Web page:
There are substantive questions that still need to be answered, and one of the most pressing issues is that of financial concerns. While there are certainly challenges to be addressed, they are not insurmountable. In the fiscal year 2008, Rice had an endowment worth $4.67 billion and spent $202 million of it – about 4 percent – to cover the operating costs. During that time, BCM had an endowment worth $1.09 billion and spent $59 million of it – about 5 percent – but according to statements available online, also had a $67 million deficit in fiscal year 2008. BCM has also had a budget deficit for the past five years.

Despite these vast numbers, these values are arguably nominal for institutions of such size and prestige. That year, BCM had operating costs of $1.14 billion and an operating revenue of $1.062 billion (a difference of only 6 percent). Even without Rice’s involvement, there would still be quite a few years before BCM becomes insolvent.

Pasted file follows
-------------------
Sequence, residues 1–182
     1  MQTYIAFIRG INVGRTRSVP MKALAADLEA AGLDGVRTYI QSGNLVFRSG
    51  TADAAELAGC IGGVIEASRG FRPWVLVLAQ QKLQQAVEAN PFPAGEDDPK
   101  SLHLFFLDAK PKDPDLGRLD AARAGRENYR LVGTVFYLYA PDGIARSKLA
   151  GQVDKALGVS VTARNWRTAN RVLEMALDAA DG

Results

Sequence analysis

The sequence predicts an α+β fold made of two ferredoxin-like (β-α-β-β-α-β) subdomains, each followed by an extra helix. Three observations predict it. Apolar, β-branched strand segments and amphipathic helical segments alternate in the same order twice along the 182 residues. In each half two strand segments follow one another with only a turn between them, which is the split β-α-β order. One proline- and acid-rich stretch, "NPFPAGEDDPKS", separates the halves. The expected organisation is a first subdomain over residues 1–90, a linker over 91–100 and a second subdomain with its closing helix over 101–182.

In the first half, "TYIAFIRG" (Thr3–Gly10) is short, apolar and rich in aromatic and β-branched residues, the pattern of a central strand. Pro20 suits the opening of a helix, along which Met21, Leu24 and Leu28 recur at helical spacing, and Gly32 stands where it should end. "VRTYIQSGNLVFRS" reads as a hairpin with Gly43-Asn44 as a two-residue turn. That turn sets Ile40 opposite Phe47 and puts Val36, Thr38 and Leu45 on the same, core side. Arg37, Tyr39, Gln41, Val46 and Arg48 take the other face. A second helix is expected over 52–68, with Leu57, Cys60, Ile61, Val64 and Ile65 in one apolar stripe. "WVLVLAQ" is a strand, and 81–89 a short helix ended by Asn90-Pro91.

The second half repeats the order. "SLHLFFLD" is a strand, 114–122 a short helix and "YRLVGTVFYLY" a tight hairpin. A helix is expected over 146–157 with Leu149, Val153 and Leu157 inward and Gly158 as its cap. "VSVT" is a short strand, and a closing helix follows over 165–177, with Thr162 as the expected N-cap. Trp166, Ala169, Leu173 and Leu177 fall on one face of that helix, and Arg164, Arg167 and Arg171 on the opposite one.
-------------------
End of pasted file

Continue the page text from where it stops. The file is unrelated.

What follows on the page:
One of the greatest potential benefits for Rice is the opportunity for an outside source of revenue, and in turn, external sustainability. Rice is currently heavily dependent upon its endowment, with investments accounting for almost 45 percent of university revenue, and could be particularly vulnerable in times of economic distress. On the other hand, only 5 percent of BCM’s operating costs comes from its endowment, and even if its endowment were used to cover the budget shortfall, the operating costs would rise to only 12 percent.